So leaders of traditional colleges need to think differently about the new wave of competition. They can’t defend themselves with a few technology wrinkles. They have to imagine and plan for a very different world:

A world without accreditation and credit hours as the basic units of service, replaced perhaps by competency measures and independently credentialed courses.

A world in which students customize their degrees (or equivalent) from multiple institutions and experiences, with only a relatively short period in a full-service brick-and-mortar institution.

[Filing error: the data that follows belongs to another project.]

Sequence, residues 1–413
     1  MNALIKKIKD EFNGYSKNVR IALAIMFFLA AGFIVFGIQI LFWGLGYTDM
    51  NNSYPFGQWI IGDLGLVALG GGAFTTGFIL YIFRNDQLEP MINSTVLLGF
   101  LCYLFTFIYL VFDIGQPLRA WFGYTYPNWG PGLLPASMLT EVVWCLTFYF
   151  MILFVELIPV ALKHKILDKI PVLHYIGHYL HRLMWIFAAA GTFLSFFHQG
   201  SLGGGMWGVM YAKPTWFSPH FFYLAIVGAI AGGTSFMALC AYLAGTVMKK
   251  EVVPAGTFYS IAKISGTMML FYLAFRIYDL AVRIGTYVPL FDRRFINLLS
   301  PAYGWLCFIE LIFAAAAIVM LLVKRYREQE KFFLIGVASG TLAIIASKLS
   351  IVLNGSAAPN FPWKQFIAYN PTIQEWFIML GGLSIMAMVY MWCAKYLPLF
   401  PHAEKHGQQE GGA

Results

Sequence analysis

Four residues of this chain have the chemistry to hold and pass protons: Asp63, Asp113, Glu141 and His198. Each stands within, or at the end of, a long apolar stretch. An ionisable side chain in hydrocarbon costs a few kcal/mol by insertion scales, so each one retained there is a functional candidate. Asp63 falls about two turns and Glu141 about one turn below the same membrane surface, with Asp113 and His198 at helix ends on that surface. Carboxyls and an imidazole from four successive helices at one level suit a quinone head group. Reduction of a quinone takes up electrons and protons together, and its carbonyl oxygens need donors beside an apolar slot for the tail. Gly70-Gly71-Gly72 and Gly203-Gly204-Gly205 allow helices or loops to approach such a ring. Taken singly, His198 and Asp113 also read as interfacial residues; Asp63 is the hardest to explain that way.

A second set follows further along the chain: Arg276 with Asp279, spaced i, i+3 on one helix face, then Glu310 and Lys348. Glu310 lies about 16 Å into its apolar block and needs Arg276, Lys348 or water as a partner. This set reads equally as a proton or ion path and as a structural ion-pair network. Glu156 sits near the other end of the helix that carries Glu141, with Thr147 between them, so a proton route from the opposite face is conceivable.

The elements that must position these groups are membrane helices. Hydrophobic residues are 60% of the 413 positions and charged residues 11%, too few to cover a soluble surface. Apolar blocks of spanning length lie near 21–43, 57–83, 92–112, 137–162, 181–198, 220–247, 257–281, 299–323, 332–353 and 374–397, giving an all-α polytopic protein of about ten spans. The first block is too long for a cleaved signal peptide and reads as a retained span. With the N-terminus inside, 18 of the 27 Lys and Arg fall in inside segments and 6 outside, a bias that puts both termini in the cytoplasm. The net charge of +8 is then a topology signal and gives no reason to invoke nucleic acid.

And a world where students want different products at different prices, just as in other industries. Traditional colleges will have to learn about differential pricing for different levels of educational service.

No wonder an innovator might greet a typical college president with the traditional Chinese curse: “May you live in interesting times.”